|The WSJ misses by a mile but "we stand by our story"|
KL, 29 April: In my previous posting h e r e, I wrote about the Attorney-General's two questions and promised I would continue with my notes on his first question [Does the Press Freedom Index really reflect Malaysia's Freedom?]. The conundrum that the WSJ has suddenly gotten itself into over its overzealous - and 100 per cent inaccurate - March 12 report on Malaysia's new Bank Negara Governor (below), however, is too fantastic to ignore: here's a perfect example of the fake news/half-truths/absolute lies that corrupt today's journalism; which was what prompted Apandi Ali's second question during his Malaysian Press Institute talk the other day: Does Society Benefit from Fake News?
|You got it so wrong, Sarifuddin tells WSJ|
Newspapers run speculative stories as part of reputation/credibility building. But they make major speculations only when they are absolutely sure that they will be proven right. That's why when they do get it wrong, they quickly own up. They apologise, sometimes. They replace the errant journalist or editor, or both. They don't stand by stories that have been proven to be NOT true. But the WSJ seems to practise a different culture. U-turn? Aw, hehe. What can I say?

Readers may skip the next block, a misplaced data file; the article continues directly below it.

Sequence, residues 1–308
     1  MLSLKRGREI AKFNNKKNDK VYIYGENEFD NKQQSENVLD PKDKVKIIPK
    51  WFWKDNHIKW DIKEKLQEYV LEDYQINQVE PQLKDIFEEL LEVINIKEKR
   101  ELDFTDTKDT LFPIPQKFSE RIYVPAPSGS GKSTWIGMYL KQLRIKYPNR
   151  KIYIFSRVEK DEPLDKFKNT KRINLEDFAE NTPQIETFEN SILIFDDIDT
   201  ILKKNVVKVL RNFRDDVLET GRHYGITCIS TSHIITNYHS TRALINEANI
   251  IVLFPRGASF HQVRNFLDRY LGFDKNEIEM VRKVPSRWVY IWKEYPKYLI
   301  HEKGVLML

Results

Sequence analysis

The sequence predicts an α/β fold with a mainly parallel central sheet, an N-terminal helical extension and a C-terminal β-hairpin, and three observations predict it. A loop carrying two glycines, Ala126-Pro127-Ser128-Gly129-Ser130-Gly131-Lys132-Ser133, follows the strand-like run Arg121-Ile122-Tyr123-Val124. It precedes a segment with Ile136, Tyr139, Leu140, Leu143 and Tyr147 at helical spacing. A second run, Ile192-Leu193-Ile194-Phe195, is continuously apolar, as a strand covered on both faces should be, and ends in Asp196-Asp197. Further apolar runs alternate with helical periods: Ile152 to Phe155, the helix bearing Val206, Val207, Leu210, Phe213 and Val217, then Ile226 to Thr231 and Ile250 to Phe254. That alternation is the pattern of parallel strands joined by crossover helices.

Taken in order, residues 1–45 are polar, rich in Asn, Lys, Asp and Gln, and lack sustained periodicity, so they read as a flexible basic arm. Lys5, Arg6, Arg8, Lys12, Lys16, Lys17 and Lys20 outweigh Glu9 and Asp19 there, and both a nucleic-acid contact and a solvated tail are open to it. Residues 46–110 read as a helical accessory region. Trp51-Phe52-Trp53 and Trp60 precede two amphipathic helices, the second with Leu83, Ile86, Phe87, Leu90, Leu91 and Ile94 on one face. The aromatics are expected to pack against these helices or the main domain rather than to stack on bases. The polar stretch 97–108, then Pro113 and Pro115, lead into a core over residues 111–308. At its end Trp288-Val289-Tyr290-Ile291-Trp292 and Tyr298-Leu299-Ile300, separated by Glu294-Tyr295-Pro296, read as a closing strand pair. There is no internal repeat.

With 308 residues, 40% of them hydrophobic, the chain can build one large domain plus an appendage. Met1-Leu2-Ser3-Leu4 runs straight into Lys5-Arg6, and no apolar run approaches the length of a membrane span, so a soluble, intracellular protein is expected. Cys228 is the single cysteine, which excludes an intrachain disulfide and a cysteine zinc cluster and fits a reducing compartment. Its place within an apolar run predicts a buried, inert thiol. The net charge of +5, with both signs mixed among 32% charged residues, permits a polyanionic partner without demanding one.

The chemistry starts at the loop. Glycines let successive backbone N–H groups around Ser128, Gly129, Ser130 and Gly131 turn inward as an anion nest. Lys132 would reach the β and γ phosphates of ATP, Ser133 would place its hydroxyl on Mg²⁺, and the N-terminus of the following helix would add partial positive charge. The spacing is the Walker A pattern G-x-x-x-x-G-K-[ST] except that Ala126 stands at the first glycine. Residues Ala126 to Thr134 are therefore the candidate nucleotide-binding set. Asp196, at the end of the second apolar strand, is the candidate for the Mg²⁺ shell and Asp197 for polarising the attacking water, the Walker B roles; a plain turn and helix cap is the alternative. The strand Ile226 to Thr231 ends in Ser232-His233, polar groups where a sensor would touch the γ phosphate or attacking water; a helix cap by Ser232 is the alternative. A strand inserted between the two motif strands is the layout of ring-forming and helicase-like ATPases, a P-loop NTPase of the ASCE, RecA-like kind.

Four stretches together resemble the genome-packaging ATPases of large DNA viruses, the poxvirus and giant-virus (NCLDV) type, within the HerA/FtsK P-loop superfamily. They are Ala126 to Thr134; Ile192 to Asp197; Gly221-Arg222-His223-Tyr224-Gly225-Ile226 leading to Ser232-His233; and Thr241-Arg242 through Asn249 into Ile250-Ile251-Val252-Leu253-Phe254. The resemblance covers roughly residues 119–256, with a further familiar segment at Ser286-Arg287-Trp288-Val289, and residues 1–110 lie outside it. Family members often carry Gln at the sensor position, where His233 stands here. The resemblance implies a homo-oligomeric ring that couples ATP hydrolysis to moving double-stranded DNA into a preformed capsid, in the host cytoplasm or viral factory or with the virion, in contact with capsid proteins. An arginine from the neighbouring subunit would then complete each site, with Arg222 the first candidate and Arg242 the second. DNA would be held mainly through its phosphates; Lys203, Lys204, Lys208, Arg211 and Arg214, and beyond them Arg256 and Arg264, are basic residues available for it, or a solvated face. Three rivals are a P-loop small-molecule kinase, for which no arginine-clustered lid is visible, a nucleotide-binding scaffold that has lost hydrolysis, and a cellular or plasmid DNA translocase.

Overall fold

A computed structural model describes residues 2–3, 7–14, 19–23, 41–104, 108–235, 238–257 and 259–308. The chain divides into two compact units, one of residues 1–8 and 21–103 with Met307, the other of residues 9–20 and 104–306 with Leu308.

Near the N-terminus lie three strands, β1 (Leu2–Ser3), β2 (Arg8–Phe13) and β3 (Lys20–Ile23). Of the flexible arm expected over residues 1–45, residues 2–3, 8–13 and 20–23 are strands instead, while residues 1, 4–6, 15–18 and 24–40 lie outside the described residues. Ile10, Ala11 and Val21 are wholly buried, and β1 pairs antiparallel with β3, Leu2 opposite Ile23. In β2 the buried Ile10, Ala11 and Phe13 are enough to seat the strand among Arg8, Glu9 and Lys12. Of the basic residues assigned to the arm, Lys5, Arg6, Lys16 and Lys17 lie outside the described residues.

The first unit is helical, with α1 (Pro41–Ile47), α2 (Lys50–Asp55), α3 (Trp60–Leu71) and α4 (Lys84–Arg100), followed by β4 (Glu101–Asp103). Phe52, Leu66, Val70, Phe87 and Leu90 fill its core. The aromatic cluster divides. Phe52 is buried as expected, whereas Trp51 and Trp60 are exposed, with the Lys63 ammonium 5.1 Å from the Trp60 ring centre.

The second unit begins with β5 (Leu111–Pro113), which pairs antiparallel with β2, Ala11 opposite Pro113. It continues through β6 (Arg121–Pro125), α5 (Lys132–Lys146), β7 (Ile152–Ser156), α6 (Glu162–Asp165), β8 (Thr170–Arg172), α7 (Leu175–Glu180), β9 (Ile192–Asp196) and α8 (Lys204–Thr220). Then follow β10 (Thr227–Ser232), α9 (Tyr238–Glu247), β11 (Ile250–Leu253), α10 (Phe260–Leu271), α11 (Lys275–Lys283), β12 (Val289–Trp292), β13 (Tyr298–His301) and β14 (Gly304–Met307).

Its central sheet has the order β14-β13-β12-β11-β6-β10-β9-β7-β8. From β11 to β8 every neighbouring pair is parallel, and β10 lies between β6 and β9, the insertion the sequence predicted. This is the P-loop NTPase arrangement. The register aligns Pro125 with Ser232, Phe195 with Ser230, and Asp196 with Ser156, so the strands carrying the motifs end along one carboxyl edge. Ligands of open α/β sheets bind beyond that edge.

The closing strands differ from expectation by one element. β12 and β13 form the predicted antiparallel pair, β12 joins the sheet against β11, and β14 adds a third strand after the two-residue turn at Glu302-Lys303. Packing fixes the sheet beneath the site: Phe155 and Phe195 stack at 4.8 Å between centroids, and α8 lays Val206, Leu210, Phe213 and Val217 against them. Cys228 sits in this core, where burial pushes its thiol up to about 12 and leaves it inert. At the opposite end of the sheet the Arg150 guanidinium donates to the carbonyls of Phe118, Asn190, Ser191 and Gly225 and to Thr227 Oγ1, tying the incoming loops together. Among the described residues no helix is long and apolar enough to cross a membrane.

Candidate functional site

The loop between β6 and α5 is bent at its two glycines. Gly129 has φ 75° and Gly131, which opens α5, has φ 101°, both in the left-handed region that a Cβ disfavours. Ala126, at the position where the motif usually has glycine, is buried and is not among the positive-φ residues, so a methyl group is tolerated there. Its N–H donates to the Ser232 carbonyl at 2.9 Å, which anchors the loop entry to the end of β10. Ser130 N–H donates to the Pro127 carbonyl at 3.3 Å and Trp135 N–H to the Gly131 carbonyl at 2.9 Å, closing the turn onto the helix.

|Victim of WSJ's misreporting: |
"These foreign media should stop their attacks on Malaysia"
So, even the WSJ's "candidate" for the Bank Negara job has come out to attack the newspaper. Is there recourse for the victim? Can he sue WSJ? His name was never even submitted to the Agong for the post!
|The real, new Bank Negara Governor|
The AG Apandi Ali might advise Irwan Serigar Abdullah to sue the WSJ but to me that's going to be too much work. Fake news, false news ... they don't benefit society at all. Half truths are even more dangerous. But a lawsuit is not going to solve the problem. If you plan to sue The Malaysian Chronicle, WSJ or the Sarawak Report for every false news, the AG's courts will be too busy to mete out justice to other, more bona fide cases.
To be cont'd .... Does the (RSF's) Press Freedom Index reflect Malaysia's freedom?